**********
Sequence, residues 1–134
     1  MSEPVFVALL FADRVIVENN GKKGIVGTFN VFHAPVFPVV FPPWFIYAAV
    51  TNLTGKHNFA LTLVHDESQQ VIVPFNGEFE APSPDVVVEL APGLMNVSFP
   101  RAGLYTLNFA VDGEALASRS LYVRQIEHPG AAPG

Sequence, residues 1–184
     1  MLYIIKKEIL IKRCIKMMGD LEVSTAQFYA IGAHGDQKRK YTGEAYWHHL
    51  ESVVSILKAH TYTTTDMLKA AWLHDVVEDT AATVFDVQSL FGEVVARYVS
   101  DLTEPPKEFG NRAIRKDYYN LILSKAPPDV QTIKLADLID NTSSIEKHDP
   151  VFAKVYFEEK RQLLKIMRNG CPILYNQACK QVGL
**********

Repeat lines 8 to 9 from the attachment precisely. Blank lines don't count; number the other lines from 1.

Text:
   101  DLTEPPKEFG NRAIRKDYYN LILSKAPPDV QTIKLADLID NTSSIEKHDP
   151  VFAKVYFEEK RQLLKIMRNG CPILYNQACK QVGL